From Firefox 55 onwards, Selenium IDE no longer worked.
But about a year ago I began hearing another rumor about Appitools taking up the cause to resurrect Selenium IDE.
So if you haven't heard yet there is now a new and improved version of Selenium IDE. Read all about it in my post the Stunning Return of Selenium IDE (Sweet Dream or Nightmare)
Selenium IDE can be run from your CI/CD pipelines using the command line runner.
What about Selenium Grid?
Using a Selenium grid allows you to save time by spreading your test across multiple machines generating multiple browser drivers sessions.
This means you can run your test in parallel, which reduces the amount of total time to run your full automation test suite.
If you want to learn more check out my post on Selenium Grid Getting Started Guide (Plus 2 Must Use Helper Tools)
What is the Future of Selenium?
Modern web browsers are getting more and more complicated, and not all of them are open source.
Many of the changes the Selenium open-source developers want to make, and with the level of privilege they have, will require fairly deep integration with the browser, and the only people who are really in a position to do that are the browser vendors.
So the next milestone is clearly the W3C spec.
I think the most interesting thing about the W3C WebDriver spec is that it’s where the Selenium project ceases to be around one obscure body of open source developers and becomes an industry standard—which, in turn, makes it incredibly hard for a single individual to exert any form of control over it.
This is a good thing.
Also if you're wondering about Selenium Server which is needed in order to run Remote Selenium WebDriver. Selenium 3.X is no longer capable of running Selenium RC directly. How it works now is that it does it through emulation and the WebDriverBackedSelenium interface.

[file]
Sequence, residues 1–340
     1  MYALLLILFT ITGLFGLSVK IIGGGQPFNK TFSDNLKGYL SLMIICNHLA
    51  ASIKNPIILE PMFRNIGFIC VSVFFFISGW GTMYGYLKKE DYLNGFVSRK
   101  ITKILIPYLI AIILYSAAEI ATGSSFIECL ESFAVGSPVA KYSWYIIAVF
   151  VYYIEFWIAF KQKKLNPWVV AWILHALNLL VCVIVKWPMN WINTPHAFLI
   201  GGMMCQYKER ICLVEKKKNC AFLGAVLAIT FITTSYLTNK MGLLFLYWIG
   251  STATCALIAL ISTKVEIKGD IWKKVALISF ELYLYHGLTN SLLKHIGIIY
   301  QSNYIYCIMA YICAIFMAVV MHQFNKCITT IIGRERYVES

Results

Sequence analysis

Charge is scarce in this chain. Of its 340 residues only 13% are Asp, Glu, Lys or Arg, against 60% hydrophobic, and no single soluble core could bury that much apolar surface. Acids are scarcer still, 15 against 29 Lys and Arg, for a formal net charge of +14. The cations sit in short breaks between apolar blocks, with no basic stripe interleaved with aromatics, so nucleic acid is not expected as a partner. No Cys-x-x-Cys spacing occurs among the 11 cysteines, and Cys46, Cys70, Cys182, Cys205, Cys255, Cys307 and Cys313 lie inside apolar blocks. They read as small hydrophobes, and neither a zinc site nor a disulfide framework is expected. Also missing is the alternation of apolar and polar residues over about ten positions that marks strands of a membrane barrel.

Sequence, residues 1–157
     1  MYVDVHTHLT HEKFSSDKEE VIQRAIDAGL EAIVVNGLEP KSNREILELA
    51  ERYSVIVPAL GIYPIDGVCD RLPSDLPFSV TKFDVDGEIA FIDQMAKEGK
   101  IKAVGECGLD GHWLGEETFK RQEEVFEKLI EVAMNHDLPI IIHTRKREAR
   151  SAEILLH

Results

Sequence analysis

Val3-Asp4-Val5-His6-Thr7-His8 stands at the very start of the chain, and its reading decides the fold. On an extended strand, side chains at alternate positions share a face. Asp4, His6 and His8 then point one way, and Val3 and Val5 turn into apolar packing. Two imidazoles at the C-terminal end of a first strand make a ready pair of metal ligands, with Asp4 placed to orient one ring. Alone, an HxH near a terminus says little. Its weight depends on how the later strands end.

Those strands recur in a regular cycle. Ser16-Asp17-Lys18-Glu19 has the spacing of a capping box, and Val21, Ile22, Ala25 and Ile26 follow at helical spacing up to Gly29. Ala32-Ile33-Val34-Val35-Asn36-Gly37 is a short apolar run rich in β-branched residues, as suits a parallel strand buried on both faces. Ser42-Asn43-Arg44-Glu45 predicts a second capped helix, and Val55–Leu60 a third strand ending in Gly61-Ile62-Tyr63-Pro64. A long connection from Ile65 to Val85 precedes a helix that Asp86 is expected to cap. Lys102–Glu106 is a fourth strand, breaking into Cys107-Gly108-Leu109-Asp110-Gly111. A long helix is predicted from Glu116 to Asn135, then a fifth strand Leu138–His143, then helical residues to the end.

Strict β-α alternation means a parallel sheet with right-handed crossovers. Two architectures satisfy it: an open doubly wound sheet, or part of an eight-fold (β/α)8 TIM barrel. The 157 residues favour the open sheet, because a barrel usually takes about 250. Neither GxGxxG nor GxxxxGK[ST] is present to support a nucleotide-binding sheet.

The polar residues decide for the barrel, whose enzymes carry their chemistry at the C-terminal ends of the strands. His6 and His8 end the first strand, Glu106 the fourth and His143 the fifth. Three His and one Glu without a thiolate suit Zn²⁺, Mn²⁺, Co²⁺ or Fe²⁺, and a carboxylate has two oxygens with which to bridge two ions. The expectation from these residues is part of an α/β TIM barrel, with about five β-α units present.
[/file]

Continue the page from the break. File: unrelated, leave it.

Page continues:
Since Selenium is going to be a Standard, Why isn’t Everyone Using It?
There are a host of new tools out there that for some reason don’t leverage Selenium WebDriver.
It seems to me they are trying to reinvent something that already exists.
Rather than trying to replicate the WebDriver functionality that already exists, I’d like to see them utilize the WebDriver that’s baked into the browsers.
The Rest is History
What Simon initially thought was going to be a few months of work has turned into a ten-year project with multiple contributors changing the way we automate browsers.
Simon's Actionable Automation Advice for Using Selenium WebDriver
Simons actionable Selenium WebDriver advice is first if you have an XPath that is literally a path for your document, Html, body, etc. You're doing it wrong! Stop, think, there's a better way of doing this.
The second piece of advice. For a Selenium web driver example: WebDriver.findelement will return an element, and you can keep hold of that reference.
Often I look at people's tests, and they got driver.findelement the same element send keys, driver.findelement, the same element submit and you scratch you're head.
Each WebDriver call is an RPC and if your using system like source, for example, you've just gone out over the Internet. And the problem is you can just keep hold of the element reference and your good.
So really that should be WebDriver.findelement and keep hold of that reference — element.clear, element.sendkeys, element.submit and you've reduced the amount of work you're doing. You'll have sped up the tests and if you find that finding stale elements exceptions being thrown that means the applications is changing the state in a way that you weren't expecting.
And as a tester that should just set off all sorts of alarm bells, or is a developer I should be setting off alarm bells going like how come I don't know the state of the application? So that stale element exception is not a problem. It's an opportunity to go and find out more about what is going on in the application.
Besides Simon, there are Other Selenium Contributors
Here are a few other TestGuild Automation Podcast (Formally called TestTalks) interviews I’ve had with other Selenium contributors like:
Jim Evans who is one of the key contributors to the Selenium project. He is also the man behind the Selenium .NET bindings, and the Internet Explorer driver.
Dave Haeffner: The Selenium Webdriver Java Guidebook: